Another time we promised him a box of Little Debbie Star Crunches if he would let us tie up his feet and hands and lay him on the railroad tracks but they were freight tracks -- the same ones that run by the old mine -- and we all knew a train hadn't been down them since before we were born. Donny got bored waiting to die and started wriggling toward home on his belly.
Our most ingenious plan was probably the time we put a pack of Dolly Madison Zingers beneath the open garage door, and we hid out with the garage door opener and clicked it on when Donny sat down to eat. He didn't notice or didn't care about the heavy door grinding down toward his skull. We watched in amazement, unable to believe we were finally going to succeed, but I lost my nerve and ran and yanked him to safety. I saved him. I can't seem to make the police understand what this says about my character.
"That's the closest I ever came to murder," I explain, "up until my dad..."
The sheriff interrupts me. He doesn't want me to go into that again. He knows all about my mom and dad. Everybody does. It was in the papers and all over TV. He was the one who was there, he reminds me. Not me. I wasn't even home. He was the one who walked in and found my mom with a bucket of red sudsy water calmly scrubbing the stains off her kitchen wallpaper while her husband lay a foot away stuck to the tile in a pool of tarry blood staring right at her with hunting trophy eyes. He was the one who found my baby sister huddled in one of the doghouses with vomit all over her because she had cried so hard she made herself throw up; and Jody never even liked Dad. He was the one who watched Dad get zipped into a body bag. Not me. I never got to see him again. It was a closed casket funeral. I'm not sure why. Mom shot him in the back.
It's been almost two years now, the sheriff reminds me. No one cares anymore. It's not RELEVANT.
"Define relevant," I say.
The deputy who keeps hitting me grabs me by the front of my dad's camouflage hunting jacket and pulls me out of my chair. He has big sweat stains under his armpits. Eighty-five today. Hot for the first week of June.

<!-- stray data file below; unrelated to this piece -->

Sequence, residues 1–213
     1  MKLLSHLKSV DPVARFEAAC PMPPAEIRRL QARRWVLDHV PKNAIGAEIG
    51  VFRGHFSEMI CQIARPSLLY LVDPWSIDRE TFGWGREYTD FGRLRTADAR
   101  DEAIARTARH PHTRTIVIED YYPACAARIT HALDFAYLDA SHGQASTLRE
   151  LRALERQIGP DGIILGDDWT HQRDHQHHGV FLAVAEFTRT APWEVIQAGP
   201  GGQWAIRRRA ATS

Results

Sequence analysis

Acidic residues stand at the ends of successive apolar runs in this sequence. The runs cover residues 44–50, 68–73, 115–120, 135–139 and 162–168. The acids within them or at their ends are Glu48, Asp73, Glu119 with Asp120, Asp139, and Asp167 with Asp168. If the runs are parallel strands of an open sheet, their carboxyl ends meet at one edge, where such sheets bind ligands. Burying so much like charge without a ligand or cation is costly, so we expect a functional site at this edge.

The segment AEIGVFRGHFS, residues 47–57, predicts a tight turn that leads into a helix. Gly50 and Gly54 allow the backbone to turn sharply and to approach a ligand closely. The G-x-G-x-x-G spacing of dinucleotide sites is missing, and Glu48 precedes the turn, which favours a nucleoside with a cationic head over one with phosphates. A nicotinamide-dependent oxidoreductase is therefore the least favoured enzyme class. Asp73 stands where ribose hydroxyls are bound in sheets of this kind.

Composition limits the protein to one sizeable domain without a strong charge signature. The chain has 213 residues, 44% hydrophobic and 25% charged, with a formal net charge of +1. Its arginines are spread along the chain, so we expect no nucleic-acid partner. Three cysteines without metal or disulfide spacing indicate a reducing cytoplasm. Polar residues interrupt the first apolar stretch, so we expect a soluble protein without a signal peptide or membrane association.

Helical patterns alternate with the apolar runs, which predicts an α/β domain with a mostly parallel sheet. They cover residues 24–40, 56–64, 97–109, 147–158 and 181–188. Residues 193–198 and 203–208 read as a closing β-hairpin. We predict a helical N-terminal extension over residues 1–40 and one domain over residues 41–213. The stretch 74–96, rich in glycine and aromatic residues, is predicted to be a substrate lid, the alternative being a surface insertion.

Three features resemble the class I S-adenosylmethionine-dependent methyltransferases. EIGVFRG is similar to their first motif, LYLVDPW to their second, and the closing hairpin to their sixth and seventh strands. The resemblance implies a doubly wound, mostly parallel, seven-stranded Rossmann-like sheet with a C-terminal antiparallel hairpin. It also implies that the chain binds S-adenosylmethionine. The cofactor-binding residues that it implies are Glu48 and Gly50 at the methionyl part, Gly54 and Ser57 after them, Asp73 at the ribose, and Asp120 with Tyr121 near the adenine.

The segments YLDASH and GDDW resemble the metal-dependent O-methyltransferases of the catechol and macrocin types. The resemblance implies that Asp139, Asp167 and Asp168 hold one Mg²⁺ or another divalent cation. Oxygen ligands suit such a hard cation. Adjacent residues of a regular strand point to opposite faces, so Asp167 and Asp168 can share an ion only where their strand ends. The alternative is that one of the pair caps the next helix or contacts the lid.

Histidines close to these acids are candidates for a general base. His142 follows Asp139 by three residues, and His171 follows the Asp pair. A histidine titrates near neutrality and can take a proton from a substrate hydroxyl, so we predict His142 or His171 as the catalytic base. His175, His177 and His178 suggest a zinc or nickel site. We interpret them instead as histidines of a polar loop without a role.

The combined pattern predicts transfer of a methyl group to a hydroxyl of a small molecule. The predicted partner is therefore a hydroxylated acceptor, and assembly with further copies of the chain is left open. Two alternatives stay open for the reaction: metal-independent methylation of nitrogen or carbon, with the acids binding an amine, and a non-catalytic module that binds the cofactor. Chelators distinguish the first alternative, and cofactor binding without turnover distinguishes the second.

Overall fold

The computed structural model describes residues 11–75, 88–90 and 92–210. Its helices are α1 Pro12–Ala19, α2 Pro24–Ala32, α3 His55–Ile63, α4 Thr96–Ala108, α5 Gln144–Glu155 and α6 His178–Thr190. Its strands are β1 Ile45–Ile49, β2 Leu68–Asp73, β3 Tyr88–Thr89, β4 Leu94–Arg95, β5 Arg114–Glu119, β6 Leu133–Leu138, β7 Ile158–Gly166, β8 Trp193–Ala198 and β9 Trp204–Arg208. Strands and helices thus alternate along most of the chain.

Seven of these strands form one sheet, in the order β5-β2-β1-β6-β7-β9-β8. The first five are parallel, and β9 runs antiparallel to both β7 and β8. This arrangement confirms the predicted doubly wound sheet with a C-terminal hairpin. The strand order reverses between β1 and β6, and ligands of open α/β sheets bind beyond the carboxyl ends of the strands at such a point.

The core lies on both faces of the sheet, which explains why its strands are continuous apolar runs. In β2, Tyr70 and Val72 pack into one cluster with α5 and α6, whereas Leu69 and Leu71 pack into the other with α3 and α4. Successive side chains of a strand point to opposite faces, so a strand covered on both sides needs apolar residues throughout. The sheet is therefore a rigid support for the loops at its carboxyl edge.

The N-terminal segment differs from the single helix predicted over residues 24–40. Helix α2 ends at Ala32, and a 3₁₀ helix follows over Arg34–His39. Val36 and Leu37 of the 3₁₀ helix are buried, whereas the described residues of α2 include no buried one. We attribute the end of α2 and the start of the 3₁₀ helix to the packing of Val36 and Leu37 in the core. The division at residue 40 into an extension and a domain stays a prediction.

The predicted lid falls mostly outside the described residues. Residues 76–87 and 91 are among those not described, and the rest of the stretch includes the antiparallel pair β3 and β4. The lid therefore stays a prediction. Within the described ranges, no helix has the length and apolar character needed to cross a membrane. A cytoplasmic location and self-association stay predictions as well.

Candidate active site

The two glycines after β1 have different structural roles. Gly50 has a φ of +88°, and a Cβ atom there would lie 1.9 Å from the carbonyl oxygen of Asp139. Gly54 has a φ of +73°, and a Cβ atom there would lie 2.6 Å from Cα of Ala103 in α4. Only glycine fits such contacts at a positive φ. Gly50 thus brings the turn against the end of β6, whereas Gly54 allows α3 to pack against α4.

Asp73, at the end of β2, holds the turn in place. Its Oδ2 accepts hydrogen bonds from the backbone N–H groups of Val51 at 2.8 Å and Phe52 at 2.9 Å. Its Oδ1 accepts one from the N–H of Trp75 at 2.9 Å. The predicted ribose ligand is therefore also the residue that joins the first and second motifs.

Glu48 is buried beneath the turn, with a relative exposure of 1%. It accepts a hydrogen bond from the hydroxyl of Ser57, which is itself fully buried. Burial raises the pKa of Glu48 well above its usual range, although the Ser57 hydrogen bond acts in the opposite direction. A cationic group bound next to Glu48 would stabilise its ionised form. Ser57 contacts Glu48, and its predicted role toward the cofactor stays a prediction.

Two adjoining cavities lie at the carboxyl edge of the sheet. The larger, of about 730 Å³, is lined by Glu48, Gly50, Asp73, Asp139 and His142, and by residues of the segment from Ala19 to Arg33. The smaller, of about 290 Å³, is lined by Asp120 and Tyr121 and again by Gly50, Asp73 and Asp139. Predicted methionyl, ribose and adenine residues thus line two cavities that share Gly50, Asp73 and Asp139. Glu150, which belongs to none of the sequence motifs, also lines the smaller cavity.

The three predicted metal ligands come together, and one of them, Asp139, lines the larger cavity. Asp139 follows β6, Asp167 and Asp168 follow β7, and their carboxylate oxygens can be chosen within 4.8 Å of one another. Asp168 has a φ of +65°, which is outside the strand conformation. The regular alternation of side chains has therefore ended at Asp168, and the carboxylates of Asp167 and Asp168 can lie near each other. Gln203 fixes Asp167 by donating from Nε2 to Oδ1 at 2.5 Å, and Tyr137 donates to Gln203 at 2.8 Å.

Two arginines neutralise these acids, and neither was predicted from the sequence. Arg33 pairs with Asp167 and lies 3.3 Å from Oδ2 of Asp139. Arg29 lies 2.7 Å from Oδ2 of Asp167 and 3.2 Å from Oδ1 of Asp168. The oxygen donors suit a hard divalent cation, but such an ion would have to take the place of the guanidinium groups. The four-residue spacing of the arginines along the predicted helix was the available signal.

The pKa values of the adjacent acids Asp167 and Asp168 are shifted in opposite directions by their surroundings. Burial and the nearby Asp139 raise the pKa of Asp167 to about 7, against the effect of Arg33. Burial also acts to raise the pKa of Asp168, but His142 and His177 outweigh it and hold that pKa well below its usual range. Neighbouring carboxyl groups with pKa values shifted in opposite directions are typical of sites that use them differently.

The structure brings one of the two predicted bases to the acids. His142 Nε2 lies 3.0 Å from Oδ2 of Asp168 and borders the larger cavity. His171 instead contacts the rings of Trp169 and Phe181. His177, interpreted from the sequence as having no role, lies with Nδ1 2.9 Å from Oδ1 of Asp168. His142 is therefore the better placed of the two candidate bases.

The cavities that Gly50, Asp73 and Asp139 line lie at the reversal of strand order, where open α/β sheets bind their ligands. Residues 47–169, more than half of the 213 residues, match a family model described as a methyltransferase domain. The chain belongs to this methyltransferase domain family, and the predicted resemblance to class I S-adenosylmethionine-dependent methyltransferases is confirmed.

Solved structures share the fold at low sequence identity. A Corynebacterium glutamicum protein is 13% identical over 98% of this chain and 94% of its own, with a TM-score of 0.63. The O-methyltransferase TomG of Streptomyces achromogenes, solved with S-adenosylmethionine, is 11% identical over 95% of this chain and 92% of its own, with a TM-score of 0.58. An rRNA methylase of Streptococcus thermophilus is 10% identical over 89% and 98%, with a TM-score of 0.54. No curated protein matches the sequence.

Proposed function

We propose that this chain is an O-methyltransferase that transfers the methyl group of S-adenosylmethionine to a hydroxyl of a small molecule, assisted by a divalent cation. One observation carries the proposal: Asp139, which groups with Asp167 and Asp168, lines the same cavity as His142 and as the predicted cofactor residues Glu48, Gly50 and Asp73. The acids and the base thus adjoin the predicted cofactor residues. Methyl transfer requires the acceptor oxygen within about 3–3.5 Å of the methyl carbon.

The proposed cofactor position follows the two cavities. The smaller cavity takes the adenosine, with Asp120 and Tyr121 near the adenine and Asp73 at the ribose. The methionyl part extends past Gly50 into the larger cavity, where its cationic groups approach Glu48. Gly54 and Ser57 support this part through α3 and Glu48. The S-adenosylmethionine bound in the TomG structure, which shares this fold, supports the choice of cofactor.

"Tell us about the woman," he shouts at me.
I don't know why they won't say her name. I guess they're waiting for me to say it. For me to admit I knew her. Well, of course, I did. They know I did.
He drops me back into my chair, and TRIED AS AN ADULT appears in front of my eyes bright and buzzing like neon. I don't know why I can't talk about her. Each time I open my mouth something about Skip comes out, and he's not even my friend anymore.
I always knew Skip would leave. His constant scheming never seemed a part of these quiet, wounded hills the way Donny's blind love of snack cakes did. Donny will be here forever. I see him every morning on my way to work at the Shop Rite waiting on the side of the road for the school bus like a stump.
"Skip's away at college now," I say.
I'm still staring at the words so I don't see the fist coming. I feel the warmth of blood gush down my chin before I feel the pain. Bright red droplets spatter onto the front of Dad's coat where her blood has already dried into a brown crust. They keep trying to make me take off the coat. People are always trying to make me.
I hear the sheriff say, "Jesus Christ, Bill, did you have to do that?"
I think the sheriff's up for reelection next year. I guess I'll be old enough to vote then if I want. VOTE AS AN ADULT. I think I would probably vote against him though. It's not that I dislike the guy, and I don't know anything about his stands on law enforcement issues so I can't say I disagree with him. My vote would be based solely on smell.
I touch my smashed nose and decide to tell them the TRUTH. Who's to blame. Who's at fault. Who should be locked up. I have nothing to be afraid of anymore. What will I be giving up by losing my freedom? What will the world be giving up by losing me?
Reprinted from Back Roads by Tawni O'Dell by permission of Viking Group, a member of Penguin Putnam Inc. Copyright (c) 2000 by Tawni O'Dell. All rights reserved. This excerpt, or any parts thereof, may not be reproduced in any form without permission.
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